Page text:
I'm a late convert to MasterChef. I could lie and say my excuse is living in the UK for a couple of years (something I never fail to insert into conversation), or I could be honest: I just didn't think wholesome cooking shows were for me.
But people who sincerely love food showing off what good cooks they are, while I feel like a hopeless slob, eating cheese on bread for dinner again? No, thank you.
It's only this year, trapped inside due to a global pandemic, that I've started to feel a strange pride in cooking, and have become totally fascinated by MasterChef.
It helps that the format is fresh, the new judges are hot, and all the contestants are chefs at the absolute top of their game. They've definitely upped the stakes in every single challenge, making everything more difficult and more exciting, and that's motivated me to up the stakes in my home cooking too.
I've long been a jar-of-pasta-sauce kind of girl, but recently I've been making vodka sauce from scratch, loosely following a recipe from Antoni Porowski of Queer Eye, sans cream (why does he love cream so much?). I make my own version of halloumi and capsicum tacos, fresh, and I marvel at my ability to make my own guacamole and salsa (yes, I used to buy supermarket tubs of guac). On the weekend, I returned to a meal I used to make a lot when I was regularly visiting Hong Kong: homemade pork and chive dumplings. They're delicious — even if I accidentally (?) made them look like vulvas.
I associate certain periods of my life with certain foods — barely being able to summon the hungover energy to make pesto penne with chicken, or treating myself to a vegan shakshuka as a fancy weekend breakfast. There's the period where I made bacon and fried vegetables for breakfast at 1 p.m. each day because I worked in a bar, or where I couldn't touch spaghetti for months because I cooked a week's worth the night I decided to have an emotional tequila bender. Food is part of the fabric of our lives, and we develop distinct patterns with them in line with our priorities — and our budgets — at any point in time.
I think part of the reason I've gotten into cooking in self-isolation is to give my life the sense of routine I've been craving. Even if some days I feel so anxious and depressed I struggle to get things done, at the very least, I can find meaning in feeding myself and my flatmate meals that are a little bit more impressive than chopped vegetables and stir-fry sauce out of the packet. It's about doing one thing a day with my hands that feels productive and necessary.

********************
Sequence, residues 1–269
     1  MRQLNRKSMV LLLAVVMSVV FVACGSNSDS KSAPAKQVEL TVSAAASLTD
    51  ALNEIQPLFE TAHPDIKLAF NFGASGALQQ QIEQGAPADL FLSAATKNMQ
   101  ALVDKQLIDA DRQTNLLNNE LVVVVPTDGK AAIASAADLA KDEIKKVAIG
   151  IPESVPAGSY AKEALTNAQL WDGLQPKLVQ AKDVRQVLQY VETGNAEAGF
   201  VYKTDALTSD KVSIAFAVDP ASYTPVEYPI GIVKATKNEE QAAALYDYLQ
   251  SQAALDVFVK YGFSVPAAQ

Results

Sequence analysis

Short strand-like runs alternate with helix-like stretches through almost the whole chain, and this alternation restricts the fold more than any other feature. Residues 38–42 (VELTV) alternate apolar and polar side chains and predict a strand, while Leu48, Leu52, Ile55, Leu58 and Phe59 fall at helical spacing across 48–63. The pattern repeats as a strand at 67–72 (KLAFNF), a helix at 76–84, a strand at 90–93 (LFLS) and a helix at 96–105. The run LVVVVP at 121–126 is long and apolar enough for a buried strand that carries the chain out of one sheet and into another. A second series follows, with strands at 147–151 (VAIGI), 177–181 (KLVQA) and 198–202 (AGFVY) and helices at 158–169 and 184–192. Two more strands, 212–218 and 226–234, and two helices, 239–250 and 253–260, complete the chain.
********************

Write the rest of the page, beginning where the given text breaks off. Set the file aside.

And I'm not the only one: One friend tells me what he's learned about cooking from years of religiously watching MasterChef. He's learned that "produce and preparation are key", and that "food can bring people together" and "smiles to people's faces". His photos of lamb shank ragu with pappardelle pasta with a side of radicchio, pear, rocket and parmesan salad; lamb backstrap with wok-fried bok choy and mushrooms in garlic and oyster sauce; and pan-seared salmon in a white wine sauce, with duck-fat potatoes, cos and herb salad and lemon butter, put my meagre efforts to shame.
Another friend put summed it up this way, and she put it perfectly: "It's a time where I have absolutely no concept of what day of the week it is, let alone any form of daily routine. The ritual of watching MasterChef (while obvs eating my own godd*mn culinary feast) has filled the hole in my schedule-loving, OCD heart."
It's not so bad to fill the space left by not being able to go to the pub and gasbag with lovingly preparing and then sharing a meal, while watching people enthusiastic about food do the very same thing on the television. It's another thing that's helping us all deal with this strange and difficult time. And that's the thing about watching MasterChef religiously: you quickly realise that the message isn't, "Look at this fancy food you have no hope of making," but that, "A delicious meal is a source of joy." And it encourages us all to have a go at being our own kind of culinary wizard too.
MasterChef Australia airs on Network 10, Sunday to Thursday. Join us at our Facebook group Pass the Popcorn to gab about all things reality TV.